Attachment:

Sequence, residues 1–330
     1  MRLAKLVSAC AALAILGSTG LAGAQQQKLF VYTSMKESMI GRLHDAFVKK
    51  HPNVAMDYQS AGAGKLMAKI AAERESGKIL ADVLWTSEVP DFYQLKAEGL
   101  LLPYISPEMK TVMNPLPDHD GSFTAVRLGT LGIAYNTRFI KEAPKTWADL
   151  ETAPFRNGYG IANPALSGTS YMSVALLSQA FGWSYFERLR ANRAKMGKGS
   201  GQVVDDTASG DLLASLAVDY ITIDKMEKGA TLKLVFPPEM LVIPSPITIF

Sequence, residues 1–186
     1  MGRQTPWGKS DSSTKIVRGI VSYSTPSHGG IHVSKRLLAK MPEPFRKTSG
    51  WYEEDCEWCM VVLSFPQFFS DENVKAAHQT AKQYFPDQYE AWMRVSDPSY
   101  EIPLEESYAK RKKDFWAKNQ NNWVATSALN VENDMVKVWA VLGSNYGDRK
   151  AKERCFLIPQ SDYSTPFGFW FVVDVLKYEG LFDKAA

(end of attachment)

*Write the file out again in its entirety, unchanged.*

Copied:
Sequence, residues 1–330
     1  MRLAKLVSAC AALAILGSTG LAGAQQQKLF VYTSMKESMI GRLHDAFVKK
    51  HPNVAMDYQS AGAGKLMAKI AAERESGKIL ADVLWTSEVP DFYQLKAEGL
   101  LLPYISPEMK TVMNPLPDHD GSFTAVRLGT LGIAYNTRFI KEAPKTWADL
   151  ETAPFRNGYG IANPALSGTS YMSVALLSQA FGWSYFERLR ANRAKMGKGS
   201  GQVVDDTASG DLLASLAVDY ITIDKMEKGA TLKLVFPPEM LVIPSPITIF

Sequence, residues 1–186
     1  MGRQTPWGKS DSSTKIVRGI VSYSTPSHGG IHVSKRLLAK MPEPFRKTSG
    51  WYEEDCEWCM VVLSFPQFFS DENVKAAHQT AKQYFPDQYE AWMRVSDPSY
   101  EIPLEESYAK RKKDFWAKNQ NNWVATSALN VENDMVKVWA VLGSNYGDRK
   151  AKERCFLIPQ SDYSTPFGFW FVVDVLKYEG LFDKAA